Today was the final and shortest day, at just 23 km with 500 m climb. The first few kilometers were in climbing, first on dirt roads, then on a river bed, then through the jungle, with even a very beautiful waterfall section. I enjoyed these technical parts and, while slow, I was less show than others, so I was actually doing pretty good.
But then we finally hit flat dirt roads. My speed was pretty much constant, limited by the pain in my shin muscle. Everybody else started running. I even got overtaken by fast walkers.
The last 9 kilometres were along the coast line. They felt like forever. After going past each bay, I would hope the next one was the last. But nooo, I kept seeing bay after bay after endless bay. Eventually though, I caught a glimpse of the finish line through the trees. Getting down on the beach, I had just a few hundred meters left. Crawled them in the same rhythm as before and crossed the line after 5h01′. Finished the race in a worse state than I would have expected, but at least I finished.
Grabbed some food and sat near the finish, cheering for the other runners as they made it through. When, after 9 and a half hours, the last runner, Alexander from Denmark, came in, everybody was cheering for him.
The awards ceremony was held after sunset, on the beach. Besides the top runners, the organizers and especially the cooks were cheered.
Since the running was over, I could finally remove the band aids from my feet. After some careful peeling, I took off a fistful or so. One week later, skin started peeling off from where some of the blisters had been. While cutting away the dead skin, I noticed something I thought was a joke was actually possible: you can have blisters inside blisters!
Later in the evening, I noticed my right foot (the one with the pulled shin muscle) was pretty swollen. And by pretty I mean pretty bad. Asked one of the doctors about it and his response was on the lines of (imagine a Spanish accent): “We do not like to see swollen feet. If it does not get better by tomorrow, you should go to the hospital and get an ultrasound examination. If your foot turns red, it might be an infection. If not, it might be internal bleeding” (or something like that). Needless to say, I didn’t get any good sleep that night. I was kinda worried.. Every two hours or so I would check my foot and, yes, still swollen.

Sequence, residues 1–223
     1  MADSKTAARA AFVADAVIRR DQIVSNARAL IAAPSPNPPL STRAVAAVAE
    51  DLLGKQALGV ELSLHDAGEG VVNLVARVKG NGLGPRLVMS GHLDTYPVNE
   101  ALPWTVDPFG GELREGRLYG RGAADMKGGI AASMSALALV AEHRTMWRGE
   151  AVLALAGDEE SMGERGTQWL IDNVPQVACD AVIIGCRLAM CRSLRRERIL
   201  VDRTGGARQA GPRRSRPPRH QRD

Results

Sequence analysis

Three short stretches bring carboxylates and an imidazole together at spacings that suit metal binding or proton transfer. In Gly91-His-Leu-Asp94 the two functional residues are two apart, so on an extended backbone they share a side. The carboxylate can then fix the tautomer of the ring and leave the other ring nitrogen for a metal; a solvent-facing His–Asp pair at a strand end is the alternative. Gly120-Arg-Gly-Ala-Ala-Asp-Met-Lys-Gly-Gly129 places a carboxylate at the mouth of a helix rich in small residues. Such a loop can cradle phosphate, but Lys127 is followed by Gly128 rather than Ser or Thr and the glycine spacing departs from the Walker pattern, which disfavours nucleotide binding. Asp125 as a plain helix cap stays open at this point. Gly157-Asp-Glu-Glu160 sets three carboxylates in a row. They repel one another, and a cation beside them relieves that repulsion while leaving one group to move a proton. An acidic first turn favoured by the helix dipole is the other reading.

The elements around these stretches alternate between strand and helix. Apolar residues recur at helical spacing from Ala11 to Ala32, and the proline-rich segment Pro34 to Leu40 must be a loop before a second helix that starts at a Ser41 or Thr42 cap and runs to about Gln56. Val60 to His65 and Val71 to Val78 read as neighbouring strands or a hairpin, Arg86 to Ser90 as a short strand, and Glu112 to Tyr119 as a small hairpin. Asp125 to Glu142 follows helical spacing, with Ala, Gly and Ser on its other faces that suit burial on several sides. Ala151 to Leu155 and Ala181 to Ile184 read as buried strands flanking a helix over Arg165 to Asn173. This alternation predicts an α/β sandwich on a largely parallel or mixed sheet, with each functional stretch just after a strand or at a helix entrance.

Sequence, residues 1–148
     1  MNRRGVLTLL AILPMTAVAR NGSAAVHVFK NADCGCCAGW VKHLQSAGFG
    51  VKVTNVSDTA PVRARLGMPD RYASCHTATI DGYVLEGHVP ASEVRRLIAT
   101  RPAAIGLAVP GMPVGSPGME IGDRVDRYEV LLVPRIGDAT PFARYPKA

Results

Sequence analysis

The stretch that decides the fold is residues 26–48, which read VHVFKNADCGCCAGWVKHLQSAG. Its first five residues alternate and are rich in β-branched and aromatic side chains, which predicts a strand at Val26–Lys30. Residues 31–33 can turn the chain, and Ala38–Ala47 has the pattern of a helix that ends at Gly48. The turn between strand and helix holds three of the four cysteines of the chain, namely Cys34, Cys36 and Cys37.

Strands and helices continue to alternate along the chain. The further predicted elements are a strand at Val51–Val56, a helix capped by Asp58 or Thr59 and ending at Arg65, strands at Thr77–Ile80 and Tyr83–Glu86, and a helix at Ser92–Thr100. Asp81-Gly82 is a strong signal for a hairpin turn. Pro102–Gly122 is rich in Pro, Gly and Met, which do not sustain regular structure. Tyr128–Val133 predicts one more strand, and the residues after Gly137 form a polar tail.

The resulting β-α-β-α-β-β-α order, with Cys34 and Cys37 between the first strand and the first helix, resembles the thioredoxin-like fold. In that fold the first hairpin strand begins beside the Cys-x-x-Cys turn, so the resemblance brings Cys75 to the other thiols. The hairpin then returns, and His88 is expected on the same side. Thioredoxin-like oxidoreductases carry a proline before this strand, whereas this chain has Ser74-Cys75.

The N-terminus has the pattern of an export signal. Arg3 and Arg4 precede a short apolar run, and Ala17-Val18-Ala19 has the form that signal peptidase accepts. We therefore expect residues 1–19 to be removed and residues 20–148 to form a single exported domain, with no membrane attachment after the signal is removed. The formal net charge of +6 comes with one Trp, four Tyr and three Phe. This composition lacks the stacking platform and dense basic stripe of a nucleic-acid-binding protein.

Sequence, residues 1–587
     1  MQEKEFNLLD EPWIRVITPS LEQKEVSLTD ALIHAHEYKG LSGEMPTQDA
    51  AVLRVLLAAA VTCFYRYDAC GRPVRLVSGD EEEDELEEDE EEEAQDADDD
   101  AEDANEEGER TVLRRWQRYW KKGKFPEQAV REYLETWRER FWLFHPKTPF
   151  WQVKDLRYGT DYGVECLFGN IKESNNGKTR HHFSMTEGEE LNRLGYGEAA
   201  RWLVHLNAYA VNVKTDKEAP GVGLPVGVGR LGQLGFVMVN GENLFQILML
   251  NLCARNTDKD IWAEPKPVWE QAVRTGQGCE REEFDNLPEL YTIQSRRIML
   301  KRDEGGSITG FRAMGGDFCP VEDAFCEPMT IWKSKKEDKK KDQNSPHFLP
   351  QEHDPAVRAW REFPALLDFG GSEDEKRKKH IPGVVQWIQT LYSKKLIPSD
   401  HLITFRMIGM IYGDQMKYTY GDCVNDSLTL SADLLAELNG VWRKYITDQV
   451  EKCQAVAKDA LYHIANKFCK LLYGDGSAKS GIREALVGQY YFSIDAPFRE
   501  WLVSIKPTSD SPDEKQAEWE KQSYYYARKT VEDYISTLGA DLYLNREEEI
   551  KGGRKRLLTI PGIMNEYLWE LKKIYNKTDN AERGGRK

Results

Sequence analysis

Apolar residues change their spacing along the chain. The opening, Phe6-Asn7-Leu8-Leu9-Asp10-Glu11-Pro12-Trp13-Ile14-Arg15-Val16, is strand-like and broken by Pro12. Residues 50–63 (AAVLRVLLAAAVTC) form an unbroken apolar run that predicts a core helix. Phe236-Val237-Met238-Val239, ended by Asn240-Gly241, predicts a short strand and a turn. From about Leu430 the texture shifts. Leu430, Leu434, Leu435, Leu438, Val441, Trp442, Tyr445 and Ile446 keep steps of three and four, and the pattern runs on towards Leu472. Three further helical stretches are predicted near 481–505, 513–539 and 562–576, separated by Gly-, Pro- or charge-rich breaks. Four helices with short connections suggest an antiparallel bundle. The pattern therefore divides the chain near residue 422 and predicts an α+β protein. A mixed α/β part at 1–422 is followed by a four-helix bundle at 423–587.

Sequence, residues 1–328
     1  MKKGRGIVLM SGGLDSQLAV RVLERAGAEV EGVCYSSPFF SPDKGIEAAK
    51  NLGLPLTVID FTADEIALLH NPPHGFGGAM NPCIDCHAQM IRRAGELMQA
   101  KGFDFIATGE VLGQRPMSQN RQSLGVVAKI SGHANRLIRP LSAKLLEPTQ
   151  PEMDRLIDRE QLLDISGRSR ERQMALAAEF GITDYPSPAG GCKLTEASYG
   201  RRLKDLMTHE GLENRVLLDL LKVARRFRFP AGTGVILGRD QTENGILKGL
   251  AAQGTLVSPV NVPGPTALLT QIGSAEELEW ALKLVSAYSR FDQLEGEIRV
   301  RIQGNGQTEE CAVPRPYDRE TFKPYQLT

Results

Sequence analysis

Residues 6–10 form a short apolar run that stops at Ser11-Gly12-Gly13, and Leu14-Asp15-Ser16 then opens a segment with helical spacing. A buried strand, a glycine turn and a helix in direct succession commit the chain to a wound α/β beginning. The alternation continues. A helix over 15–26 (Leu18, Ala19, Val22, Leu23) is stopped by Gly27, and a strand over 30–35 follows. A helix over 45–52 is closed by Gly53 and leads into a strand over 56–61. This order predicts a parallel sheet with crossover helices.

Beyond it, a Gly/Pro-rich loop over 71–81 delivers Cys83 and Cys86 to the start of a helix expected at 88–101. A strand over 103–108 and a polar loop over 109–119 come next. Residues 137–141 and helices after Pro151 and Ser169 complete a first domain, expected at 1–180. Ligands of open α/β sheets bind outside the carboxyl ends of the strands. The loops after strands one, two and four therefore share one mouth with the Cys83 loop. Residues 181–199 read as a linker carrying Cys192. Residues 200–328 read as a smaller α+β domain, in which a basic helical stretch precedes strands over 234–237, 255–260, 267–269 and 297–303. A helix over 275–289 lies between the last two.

Luckily, in the morning, I also talked to some of the runners. There were a lot with swollen feet, as it seems it’s quite typical after running ultra distances. One (Spanish) guy had the following recovery plan: “rest feet, drink beer”.
We left Drake Bay by a combination of boat + coach. This was the fastest way to get to San Jose. We got there at about 2 PM, after 5 hours of traveling. Our bags took another route, completely on road, and we got them 4 hours later. Waiter for them sitting at the hotel lobby – feet elevated, to stop the swelling.
I remember a sight I didn’t get to photograph. The two buses we were in stopped for lunch. Groups of people slowly crawled their way out and towards the restaurant. Like zombies. Or maybe test subjects for a new chronic arthritis treatment. Some of them, more hurting than hungry, sat down next to the restaurant, with their feet up the walls. Ultra runners!
Update on my injuries: The swelling passed after a few days. I had some compression socks and I think they helped. The shin muscle injury made my walking painful for about 2 more weeks. Now, one month later, I have no more problems regardless of the abuse I put my feet through.